President Samuel L. Stanley at the 2016 State of the University address. Wednesday he hosted a town hall meeting about diversity. JERROD WHITE/THE STATESMAN</eM
President Samuel L. Stanley at the 2016 State of the University address on Sept. 28. JERROD WHITE/THE STATESMAN

Have you ever wondered why President Stanley does not offer office hours? If you have recently scrolled through the president of the university’s website, you will not find any mention of the ability for students to talk with him or his staff during formally set office hours. I wonder the rationale behind this decision. This potentially limits students’ chances to discuss important matters that affect their academic development. Granted that some issues are better suited to be answered by the Dean of Students (recently left), or in the forum of University Council or by human resources. Other issues, like scholarship or campus involvement, can only be fostered by a dialogue between groups on campus that might otherwise feel disenfranchised.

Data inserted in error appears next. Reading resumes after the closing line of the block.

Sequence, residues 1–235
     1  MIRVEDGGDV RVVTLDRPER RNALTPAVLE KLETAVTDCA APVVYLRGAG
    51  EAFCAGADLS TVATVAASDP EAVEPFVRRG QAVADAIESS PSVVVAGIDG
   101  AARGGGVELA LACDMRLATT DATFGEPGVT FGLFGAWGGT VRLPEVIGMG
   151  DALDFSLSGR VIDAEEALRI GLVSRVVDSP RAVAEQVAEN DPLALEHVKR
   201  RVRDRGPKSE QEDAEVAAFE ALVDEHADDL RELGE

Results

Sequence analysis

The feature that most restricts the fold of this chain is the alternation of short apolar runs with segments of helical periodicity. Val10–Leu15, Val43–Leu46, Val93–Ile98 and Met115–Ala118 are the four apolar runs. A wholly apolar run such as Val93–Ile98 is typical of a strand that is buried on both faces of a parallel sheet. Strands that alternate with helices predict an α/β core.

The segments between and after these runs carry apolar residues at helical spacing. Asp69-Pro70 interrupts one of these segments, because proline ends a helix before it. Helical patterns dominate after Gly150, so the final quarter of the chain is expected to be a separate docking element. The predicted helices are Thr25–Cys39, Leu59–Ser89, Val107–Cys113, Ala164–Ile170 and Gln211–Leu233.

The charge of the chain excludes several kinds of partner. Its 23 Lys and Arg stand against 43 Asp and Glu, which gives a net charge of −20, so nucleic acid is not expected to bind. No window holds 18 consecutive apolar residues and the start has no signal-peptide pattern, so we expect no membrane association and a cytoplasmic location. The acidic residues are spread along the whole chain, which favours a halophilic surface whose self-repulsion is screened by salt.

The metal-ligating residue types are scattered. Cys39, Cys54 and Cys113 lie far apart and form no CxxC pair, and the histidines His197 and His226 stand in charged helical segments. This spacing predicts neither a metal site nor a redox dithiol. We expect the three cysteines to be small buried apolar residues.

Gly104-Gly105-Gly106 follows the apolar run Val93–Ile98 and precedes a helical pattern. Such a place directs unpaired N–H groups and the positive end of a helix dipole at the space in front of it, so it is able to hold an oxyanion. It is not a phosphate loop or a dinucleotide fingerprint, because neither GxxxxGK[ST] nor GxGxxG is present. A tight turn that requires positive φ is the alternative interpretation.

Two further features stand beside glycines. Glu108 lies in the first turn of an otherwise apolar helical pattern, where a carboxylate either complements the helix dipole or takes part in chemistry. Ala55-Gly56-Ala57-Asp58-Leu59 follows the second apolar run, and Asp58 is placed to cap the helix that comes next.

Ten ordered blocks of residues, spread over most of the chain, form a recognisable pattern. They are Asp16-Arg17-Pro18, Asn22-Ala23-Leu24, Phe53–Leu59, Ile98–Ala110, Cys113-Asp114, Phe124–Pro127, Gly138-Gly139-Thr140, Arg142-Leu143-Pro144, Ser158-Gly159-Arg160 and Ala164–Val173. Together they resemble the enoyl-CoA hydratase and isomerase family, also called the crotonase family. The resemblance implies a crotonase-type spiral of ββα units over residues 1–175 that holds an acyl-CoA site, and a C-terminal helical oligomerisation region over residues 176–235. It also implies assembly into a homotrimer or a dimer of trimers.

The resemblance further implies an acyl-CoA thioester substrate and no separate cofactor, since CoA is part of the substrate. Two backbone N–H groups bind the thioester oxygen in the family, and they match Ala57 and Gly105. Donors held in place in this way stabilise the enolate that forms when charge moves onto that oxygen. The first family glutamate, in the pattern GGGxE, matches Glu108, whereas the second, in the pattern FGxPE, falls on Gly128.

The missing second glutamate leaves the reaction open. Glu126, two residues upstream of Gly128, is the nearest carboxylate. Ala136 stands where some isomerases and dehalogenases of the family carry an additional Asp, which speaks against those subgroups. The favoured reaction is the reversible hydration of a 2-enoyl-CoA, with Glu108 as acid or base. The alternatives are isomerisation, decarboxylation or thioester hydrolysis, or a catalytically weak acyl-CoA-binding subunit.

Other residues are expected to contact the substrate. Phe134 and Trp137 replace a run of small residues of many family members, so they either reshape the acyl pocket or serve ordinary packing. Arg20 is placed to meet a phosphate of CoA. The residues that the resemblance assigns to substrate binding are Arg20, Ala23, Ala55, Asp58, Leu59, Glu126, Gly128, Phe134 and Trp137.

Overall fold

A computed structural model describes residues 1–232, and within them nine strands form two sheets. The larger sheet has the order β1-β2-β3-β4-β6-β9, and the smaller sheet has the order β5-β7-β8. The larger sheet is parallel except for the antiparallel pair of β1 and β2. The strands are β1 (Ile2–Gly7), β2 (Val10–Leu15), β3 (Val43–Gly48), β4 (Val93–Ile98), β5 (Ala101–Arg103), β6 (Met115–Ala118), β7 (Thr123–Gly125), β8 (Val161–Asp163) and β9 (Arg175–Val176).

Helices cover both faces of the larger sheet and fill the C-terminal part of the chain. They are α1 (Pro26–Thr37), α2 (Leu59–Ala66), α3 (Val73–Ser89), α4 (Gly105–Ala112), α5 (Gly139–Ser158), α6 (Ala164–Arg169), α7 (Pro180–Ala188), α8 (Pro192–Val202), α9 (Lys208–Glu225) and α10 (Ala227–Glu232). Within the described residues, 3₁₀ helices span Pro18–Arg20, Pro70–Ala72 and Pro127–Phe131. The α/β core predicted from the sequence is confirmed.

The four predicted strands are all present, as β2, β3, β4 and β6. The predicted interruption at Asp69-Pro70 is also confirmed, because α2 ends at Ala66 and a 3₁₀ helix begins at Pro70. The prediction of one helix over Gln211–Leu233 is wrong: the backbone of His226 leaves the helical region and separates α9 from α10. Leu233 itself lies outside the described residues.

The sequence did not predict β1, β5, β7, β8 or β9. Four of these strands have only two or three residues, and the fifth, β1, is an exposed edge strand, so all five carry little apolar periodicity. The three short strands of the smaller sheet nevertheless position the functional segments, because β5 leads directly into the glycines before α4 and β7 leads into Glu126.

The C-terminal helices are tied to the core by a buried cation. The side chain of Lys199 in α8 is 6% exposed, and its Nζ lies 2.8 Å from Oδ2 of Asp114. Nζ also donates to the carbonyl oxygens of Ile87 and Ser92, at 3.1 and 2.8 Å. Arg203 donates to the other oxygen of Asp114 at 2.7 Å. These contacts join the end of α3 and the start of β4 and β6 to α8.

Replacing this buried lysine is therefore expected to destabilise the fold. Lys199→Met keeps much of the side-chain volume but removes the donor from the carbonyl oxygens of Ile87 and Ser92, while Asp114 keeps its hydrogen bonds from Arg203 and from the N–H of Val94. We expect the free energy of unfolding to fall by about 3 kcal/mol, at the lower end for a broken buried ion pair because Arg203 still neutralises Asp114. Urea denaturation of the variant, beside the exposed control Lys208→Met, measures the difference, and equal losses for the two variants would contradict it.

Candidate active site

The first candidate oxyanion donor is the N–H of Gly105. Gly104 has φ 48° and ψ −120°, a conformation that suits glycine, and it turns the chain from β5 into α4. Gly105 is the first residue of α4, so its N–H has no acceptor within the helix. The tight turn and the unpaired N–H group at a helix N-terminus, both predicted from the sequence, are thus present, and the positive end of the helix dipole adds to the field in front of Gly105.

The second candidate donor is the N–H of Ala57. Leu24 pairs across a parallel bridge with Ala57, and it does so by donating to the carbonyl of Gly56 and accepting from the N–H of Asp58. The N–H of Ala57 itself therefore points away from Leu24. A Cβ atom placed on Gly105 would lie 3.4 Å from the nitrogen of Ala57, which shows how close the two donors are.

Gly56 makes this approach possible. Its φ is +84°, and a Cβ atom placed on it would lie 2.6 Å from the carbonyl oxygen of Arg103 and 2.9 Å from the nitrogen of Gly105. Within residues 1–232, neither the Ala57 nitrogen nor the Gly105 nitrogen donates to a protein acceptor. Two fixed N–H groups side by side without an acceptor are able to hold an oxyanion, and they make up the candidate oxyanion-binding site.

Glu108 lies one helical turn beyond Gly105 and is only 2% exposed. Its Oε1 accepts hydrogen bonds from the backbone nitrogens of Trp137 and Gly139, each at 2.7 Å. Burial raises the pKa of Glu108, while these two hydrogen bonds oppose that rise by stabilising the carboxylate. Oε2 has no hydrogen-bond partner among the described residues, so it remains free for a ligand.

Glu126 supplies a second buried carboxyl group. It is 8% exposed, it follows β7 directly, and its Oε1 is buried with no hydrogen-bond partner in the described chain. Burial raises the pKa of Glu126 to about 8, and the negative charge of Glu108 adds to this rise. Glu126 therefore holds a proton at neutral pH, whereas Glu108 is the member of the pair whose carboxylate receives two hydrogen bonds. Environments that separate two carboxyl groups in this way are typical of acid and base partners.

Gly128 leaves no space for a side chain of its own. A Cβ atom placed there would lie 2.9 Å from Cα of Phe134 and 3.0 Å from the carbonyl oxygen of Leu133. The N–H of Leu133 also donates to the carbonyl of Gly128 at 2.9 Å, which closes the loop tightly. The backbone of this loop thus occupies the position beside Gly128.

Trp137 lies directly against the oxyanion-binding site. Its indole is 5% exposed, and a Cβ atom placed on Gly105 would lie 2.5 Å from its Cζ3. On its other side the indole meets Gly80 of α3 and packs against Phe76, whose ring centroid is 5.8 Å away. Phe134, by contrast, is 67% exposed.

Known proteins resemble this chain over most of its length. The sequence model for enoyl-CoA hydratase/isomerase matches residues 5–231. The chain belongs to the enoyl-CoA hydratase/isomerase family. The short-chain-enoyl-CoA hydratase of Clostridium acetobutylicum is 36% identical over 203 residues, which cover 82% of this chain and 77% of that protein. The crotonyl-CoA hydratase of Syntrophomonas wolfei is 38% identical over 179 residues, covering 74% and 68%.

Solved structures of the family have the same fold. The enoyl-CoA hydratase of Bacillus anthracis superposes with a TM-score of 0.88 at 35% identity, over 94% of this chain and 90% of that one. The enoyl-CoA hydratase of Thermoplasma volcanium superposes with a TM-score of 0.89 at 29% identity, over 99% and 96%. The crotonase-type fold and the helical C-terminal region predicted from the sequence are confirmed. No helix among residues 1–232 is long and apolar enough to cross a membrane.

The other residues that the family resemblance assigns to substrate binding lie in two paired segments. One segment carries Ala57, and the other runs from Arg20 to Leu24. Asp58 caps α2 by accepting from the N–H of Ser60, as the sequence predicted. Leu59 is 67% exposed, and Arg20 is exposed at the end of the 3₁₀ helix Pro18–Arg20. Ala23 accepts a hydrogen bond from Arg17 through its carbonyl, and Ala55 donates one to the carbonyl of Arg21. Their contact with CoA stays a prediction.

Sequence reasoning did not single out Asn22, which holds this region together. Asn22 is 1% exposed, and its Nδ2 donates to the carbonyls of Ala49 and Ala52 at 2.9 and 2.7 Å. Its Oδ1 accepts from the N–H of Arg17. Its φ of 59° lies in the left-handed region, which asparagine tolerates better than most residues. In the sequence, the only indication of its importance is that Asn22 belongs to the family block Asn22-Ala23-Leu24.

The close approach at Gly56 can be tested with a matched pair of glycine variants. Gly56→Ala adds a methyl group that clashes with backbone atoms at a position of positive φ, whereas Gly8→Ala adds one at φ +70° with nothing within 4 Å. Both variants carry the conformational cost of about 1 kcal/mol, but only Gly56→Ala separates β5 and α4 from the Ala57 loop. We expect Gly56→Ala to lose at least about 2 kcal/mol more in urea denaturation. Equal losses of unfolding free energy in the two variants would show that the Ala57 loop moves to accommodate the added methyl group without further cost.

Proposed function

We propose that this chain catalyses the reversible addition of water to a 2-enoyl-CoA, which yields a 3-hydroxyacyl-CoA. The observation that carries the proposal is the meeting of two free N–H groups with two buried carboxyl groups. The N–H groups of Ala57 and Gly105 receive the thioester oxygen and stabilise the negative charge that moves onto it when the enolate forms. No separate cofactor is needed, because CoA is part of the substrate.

On a cursory look through the Chronicle of Higher Education, a news source for college and university faculty and administrators, you will find several articles under the heading of “Leadership and Governance” that discuss the importance of establishing a dialogue between the administration and students. One article interviews Lynn Pasquerella, the president of the Association of American Colleges and Universities, on the need for better communication on college campuses. Particularly, she notes, “…the best that we can offer students today is the capacity to work with others who are different from themselves in diverse teams. [A form of inclusive excellence] .. And to be adaptable and flexible in a world where the jobs of the future have not yet been invented.” Pasquerella in this article stresses that communication among diverse groups is important in liberal education.

At several other universities, the chief executive offers individual meetings with students as a way for the campus community to discuss concerns, questions and thoughts that are important to them. While some presidents limit the appointment time to be 15 minutes a student (due to attendance), others allow for more liberal amounts of time (45 minutes). The president of the University of Connecticut, for example, offers 30-minute appointments for students.

I wonder how might the Stony Brook community benefit if President Stanley held office hours. Perhaps, the community might see positives in the areas of developments on accreditation, funding sources and balanced faculty-student ratios to list a few. In tumultuous times like these, we need a united campus with less barriers between us and our college administration. The worst thing a college administration can do is limit avenues of communication.


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